Learn What A Deed of Separation is in Singapore and How It Affects Your Divorce Settlement

Jammy Casaul
The Creative Blogger Community
5 min readOct 20, 2022


If you are married and have decided to separate, then you need to know what a deed of separation is. A deed of separation is an agreement between two parties who want to separate and live apart. It allows them to divide their assets without going through the stress of a divorce court case. The document has legal binding power in Singapore, so both parties must follow it exactly — otherwise, they could face penalties or even jail time (if they don’t comply with court orders). Below are the frequently asked questions that can guide you if you wish to be separated instead of getting a divorce.

What is a deed of separation?

A deed of separation is a legal document that you and your spouse sign to end your marriage. It is not the same as a divorce, which means that it doesn’t terminate your marriage. Divorce is also sometimes known as dissolution or annulment, while a deed of separation can be used in place of one if you want to separate without ending your marriage.

What are the contents of the agreement?

There are five key points that should be included in your deed of separation:

1. The date and time of your agreement.

2. A statement of the reasons for separation. This should be a simple, one-sentence response to why you want to separate from your spouse.

3. A list of assets and liabilities each party holds (including any debts). This should include both financial and non-financial assets such as cars or household items.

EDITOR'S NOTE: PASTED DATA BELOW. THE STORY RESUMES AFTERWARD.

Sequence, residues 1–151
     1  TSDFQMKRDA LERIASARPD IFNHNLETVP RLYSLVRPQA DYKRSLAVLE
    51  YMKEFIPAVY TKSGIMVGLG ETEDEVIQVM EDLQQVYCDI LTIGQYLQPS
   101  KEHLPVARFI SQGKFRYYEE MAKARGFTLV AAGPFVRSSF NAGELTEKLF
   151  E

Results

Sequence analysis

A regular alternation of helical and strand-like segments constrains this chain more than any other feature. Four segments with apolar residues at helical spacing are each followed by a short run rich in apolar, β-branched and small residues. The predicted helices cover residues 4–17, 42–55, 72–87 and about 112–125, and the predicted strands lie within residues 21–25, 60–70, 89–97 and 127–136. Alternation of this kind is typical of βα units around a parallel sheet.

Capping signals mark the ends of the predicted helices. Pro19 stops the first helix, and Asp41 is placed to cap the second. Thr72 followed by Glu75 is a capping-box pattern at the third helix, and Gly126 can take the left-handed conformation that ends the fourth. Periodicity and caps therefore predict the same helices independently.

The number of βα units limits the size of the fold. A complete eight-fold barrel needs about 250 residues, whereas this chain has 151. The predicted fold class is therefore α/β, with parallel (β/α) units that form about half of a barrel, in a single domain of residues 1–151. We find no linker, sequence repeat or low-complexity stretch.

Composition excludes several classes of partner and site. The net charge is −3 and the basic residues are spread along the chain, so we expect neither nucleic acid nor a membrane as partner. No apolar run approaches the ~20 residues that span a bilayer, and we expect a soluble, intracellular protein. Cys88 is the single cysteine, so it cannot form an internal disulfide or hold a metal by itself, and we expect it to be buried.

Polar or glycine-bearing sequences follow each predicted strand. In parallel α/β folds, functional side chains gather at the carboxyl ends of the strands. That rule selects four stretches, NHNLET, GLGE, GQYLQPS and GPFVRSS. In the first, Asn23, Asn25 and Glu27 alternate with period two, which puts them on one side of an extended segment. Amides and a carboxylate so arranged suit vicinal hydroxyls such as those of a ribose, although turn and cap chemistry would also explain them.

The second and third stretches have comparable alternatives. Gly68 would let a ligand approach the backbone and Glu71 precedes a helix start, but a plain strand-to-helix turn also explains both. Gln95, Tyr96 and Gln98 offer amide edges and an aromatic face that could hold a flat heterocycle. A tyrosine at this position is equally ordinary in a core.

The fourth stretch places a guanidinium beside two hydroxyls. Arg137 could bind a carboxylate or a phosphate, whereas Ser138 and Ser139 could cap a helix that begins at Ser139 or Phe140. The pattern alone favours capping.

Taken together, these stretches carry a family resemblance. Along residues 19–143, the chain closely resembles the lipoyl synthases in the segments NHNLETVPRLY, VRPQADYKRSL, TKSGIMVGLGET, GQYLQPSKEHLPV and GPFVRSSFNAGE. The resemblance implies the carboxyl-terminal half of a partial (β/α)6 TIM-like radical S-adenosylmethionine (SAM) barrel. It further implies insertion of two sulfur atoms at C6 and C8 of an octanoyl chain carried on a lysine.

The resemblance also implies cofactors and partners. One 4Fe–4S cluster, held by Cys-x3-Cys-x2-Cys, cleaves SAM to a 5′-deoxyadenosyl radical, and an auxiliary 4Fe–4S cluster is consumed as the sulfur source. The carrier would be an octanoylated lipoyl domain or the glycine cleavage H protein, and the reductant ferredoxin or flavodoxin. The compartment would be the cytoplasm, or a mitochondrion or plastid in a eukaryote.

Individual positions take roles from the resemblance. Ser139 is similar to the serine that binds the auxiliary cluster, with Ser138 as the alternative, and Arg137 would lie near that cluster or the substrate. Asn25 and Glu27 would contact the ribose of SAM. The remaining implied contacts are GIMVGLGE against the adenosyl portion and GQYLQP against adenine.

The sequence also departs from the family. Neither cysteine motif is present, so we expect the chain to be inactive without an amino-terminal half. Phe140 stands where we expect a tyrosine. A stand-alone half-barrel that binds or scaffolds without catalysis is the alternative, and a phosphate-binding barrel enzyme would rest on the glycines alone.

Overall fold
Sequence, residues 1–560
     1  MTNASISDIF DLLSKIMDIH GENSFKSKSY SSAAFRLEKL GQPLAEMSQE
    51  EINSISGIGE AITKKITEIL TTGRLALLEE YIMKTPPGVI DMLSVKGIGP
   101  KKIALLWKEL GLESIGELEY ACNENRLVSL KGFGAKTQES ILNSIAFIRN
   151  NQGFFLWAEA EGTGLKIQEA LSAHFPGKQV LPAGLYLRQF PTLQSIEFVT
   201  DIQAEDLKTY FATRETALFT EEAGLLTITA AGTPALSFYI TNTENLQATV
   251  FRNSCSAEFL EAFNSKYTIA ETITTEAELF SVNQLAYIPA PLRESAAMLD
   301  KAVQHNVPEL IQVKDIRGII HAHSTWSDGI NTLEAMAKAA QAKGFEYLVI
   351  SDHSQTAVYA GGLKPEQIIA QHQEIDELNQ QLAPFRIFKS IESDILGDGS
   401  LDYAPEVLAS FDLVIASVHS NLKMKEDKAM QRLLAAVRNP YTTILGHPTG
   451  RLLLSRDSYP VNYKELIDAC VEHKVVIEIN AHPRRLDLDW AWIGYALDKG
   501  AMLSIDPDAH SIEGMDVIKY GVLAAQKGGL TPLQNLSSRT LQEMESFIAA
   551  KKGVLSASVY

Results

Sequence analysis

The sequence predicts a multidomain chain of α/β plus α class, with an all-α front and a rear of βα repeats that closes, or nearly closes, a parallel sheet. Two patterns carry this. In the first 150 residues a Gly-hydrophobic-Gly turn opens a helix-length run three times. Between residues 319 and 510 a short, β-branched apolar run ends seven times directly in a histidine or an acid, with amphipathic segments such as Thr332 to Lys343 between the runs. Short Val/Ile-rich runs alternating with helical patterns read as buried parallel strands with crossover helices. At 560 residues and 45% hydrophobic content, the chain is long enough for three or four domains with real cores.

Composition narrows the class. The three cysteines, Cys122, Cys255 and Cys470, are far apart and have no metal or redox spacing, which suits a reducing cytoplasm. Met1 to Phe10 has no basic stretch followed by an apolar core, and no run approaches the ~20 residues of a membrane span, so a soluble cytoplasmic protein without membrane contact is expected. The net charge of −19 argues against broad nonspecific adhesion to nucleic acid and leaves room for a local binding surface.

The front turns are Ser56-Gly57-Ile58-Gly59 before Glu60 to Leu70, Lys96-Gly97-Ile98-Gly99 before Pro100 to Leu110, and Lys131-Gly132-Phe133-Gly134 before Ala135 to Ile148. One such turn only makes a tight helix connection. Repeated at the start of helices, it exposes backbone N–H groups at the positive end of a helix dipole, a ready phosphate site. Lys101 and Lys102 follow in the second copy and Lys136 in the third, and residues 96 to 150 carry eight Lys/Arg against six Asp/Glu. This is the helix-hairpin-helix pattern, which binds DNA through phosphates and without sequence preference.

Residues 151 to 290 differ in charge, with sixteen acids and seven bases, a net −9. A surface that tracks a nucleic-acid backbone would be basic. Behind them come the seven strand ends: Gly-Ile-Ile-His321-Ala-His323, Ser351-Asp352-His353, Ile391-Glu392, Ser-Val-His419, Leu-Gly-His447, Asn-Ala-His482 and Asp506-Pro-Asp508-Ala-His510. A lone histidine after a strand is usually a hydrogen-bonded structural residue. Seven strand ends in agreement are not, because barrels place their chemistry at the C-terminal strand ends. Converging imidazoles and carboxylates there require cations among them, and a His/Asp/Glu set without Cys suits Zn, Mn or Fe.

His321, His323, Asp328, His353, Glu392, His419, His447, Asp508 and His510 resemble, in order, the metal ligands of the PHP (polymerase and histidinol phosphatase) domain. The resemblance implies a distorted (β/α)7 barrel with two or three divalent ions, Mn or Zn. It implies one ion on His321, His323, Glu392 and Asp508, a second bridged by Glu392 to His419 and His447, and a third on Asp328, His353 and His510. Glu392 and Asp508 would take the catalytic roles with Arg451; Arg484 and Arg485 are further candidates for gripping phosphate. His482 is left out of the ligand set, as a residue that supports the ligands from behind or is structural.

4. Any payments that will be made by either party during the course of the agreement, including child support paid by one parent to another parent if there are children involved in this process.

5. A statement regarding how long this agreement will last — the longer it takes before ending legally, the more expensive it gets!

How to make a deed of separation legally binding in Singapore

A deed of separation, or a “separation agreement,” is a legally binding agreement between spouses that details the terms of their divorce and how to divide their assets. It is important to note that this document cannot be enforced by law unless it has been signed and notarized.

Once you have made your decision on what you wish to include in your deed of separation, you should seek legal advice from an attorney specializing in family law. The lawyer will draft your divorce settlement with the help of both parties’ input and sign it on behalf of both parties. The document must then be notarized before it can be submitted for registration at the Registry of Marriages.

How does a deed of separation affect divorce proceedings in Singapore?

A deed of separation can be used as evidence in divorce proceedings. It is a useful way to prove that the parties have agreed to a separation, and it can also help to prove that they have agreed on the terms of their separation.

In Singapore, deeds are recognised as binding contracts if they are signed by both spouses. Deeds are also considered valid if one spouse signs it but the other spouse does not sign within 2 months after being served with notice of it and has been given an opportunity to do so (this is called “stopping” it).